Happenings, Jan '14 (update 1)
Kaushik Gupta and Madhuja Nandi file reports on two Kolkata events to highlight the injustice that Section 377 of the Indian Penal Code is
Kolkata, January 19, 2014: Reports of events centred on Section 377, Indian Penal Code and the Supreme Court verdict reinstating the law to recriminalize lesbian, gay, bisexual, transgender and other queer communities continue to pour in. On January 16, 2014, the Press Club Kolkata saw an interaction titled ‘Heterosexuality and IPC 377’ organized by Civilian Welfare Foundation, Kolkata. The speakers included Protik Prokash Banerjee, Advocate and Junior Standing Counsel, Government of West Bengal, Calcutta High Court; Paromita Chakraborti, Director, School of Women’s Studies, Jadavpur University; Anitesh Chakraborty, Founder Member, Ardhek Akash; and Dhimoyee Debnath, Secretary, Civilian Welfare Foundation.
Protik Prokash Banerjee made it clear that Section 377 was not a ‘gay sex law’ as was projected in most of the media reports. He said it affected society as a whole, and warned that if the larger community did not protest or raise its voice against the law, then soon the State would creep into everyone’s private lives and begin to determine even what people should think about.
Paromita Chakraborti voiced her concern regarding the scope and ambit of the Supreme Court verdict. Since she taught gender studies which included discussion around same-sex romantic and sexual relations, she wondered if teaching the same could also be held to be illegal. She said that discriminating on the basis of sexual orientation or gender identity was the sign of a fascist outlook adopted by the State.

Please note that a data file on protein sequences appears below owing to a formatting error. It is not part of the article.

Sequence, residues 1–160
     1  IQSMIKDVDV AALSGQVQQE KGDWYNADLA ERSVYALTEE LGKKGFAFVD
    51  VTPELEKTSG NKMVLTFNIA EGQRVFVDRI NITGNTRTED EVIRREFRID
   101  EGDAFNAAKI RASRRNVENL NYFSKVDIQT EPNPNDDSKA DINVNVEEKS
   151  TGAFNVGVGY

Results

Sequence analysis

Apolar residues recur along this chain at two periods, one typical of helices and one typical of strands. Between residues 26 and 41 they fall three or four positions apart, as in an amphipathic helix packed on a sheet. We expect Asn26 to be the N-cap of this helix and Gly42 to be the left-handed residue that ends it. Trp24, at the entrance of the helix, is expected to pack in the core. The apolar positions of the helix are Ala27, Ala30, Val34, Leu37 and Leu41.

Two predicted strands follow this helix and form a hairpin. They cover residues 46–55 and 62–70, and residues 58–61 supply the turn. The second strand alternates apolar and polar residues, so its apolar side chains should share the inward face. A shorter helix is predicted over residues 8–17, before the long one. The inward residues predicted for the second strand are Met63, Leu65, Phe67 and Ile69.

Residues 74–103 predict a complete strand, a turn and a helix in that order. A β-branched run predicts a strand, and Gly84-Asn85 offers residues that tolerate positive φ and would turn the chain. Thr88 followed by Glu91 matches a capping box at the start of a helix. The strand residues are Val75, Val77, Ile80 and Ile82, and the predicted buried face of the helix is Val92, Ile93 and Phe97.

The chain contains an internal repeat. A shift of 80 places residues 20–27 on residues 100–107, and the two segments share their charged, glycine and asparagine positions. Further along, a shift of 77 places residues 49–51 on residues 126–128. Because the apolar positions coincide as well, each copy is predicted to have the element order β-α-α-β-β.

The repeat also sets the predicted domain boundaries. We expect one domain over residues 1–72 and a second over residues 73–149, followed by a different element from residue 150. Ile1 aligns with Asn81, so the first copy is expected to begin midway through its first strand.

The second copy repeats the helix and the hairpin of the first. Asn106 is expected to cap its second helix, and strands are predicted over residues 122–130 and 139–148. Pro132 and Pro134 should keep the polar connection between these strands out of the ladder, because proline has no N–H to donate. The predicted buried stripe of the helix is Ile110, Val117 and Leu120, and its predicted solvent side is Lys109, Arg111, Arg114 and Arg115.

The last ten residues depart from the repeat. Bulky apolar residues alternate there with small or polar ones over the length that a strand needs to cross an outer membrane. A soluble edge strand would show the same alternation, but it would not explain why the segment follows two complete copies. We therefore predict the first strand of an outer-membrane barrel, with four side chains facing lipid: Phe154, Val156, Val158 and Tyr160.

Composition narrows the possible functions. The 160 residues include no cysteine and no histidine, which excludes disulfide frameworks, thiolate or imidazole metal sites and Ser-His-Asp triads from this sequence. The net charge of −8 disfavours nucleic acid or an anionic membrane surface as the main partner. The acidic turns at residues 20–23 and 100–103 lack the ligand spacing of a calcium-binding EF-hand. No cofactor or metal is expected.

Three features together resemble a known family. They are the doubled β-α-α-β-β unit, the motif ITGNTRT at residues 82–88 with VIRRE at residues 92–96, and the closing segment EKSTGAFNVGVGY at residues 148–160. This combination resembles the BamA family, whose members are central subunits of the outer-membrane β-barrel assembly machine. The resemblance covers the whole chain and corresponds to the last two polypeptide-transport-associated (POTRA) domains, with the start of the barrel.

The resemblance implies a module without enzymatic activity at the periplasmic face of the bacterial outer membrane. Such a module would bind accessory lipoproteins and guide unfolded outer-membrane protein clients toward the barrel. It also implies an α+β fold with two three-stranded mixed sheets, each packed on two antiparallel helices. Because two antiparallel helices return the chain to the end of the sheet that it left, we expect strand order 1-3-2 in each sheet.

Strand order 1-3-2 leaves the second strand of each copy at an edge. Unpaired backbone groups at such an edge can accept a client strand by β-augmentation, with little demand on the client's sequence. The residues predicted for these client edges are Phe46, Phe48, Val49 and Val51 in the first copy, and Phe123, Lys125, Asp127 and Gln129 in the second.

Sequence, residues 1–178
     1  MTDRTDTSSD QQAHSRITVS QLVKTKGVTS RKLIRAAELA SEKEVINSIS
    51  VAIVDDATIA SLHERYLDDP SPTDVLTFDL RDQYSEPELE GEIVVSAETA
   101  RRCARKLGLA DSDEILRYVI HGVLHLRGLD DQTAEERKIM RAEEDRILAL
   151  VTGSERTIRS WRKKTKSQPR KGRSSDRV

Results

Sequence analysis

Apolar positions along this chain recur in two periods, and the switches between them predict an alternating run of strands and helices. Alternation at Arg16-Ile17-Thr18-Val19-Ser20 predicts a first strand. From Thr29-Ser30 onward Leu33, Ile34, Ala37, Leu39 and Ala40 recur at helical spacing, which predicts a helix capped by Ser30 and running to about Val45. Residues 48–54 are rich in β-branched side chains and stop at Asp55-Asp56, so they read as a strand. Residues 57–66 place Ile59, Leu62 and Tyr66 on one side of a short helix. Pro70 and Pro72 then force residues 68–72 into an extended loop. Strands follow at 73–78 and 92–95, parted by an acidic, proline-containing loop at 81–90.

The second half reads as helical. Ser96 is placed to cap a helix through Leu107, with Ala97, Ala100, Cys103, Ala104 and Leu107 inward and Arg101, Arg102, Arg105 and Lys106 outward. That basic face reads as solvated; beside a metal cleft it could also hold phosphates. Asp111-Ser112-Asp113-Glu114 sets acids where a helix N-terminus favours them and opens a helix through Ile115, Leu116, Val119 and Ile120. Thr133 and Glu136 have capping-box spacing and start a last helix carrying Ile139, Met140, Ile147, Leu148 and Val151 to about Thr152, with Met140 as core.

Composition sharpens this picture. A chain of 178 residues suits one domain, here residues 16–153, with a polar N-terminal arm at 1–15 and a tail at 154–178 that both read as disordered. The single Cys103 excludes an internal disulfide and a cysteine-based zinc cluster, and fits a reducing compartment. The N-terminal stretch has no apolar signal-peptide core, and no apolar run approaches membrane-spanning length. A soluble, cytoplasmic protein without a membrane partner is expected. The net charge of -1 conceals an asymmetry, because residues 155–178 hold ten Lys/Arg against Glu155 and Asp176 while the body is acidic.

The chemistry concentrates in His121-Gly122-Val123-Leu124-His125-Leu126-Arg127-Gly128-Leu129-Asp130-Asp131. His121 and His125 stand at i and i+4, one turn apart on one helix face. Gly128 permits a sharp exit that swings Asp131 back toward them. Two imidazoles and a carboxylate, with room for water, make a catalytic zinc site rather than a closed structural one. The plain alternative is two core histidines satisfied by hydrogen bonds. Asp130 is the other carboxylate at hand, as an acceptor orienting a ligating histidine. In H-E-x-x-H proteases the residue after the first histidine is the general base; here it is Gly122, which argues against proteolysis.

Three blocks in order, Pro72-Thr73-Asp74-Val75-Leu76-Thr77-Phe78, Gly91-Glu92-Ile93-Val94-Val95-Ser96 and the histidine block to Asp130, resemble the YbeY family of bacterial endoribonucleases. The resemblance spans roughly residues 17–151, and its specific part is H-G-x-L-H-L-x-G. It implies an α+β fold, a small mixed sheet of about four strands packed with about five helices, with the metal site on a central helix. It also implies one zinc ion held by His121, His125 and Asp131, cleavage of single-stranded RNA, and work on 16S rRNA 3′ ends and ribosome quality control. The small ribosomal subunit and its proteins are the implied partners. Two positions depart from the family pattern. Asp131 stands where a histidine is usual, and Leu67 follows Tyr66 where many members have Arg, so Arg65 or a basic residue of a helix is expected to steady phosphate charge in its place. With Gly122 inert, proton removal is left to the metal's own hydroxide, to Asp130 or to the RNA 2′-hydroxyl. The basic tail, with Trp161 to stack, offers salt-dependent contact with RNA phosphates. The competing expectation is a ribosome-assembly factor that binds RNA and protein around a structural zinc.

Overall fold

While Anitesh Chakraborty expressed displeasure at the way the media had projected the matter and requested media persons to be sensitive to the issue, Dhimoyee Debnath wondered why the media published photographs of people, including her own, with captions such as 'lesbians and bisexuals' without ascertaining their actual sexual orientation. She said that the media should understand that to protest against a human rights violation, a person need not be a victim of the violation but could still actively participate in protests. Thus it was not necessary that all people protesting the Supreme Court verdict were lesbian, gay, bisexual or transgender. The event received considerable media coverage, including in Bengali and Hindi newspapers.
|Tista Das (right) in a scene from Arekti Jiboner Golpo|
Earlier, on January 11, 2014, the first monthly anniversary of the Supreme Court verdict on Section 377, a group of students from Jadavpur University organized a film festival called ‘Bioscope’ at Town Hall, Dum Dum in northern Kolkata. Among the films screened was Bengali film Arekti Jiboner Golpo (Just another Life Story), which was a biographical account of the story of actor, poet and trans woman activist Tista Das.
The film portrayed how stigma around being transgender or transsexual could impact personal romantic relationships of trans persons. Directed by Jagriti Bhadra, the film was a clear indicator that the Indian queer community’s struggle was not limited to Section 377 – while the most immediate battle was centred on legal proceedings around an outdated law, an equally important struggle would have to be simultaneously waged on the social front. The film was 50 minutes in duration and sub-titled in English.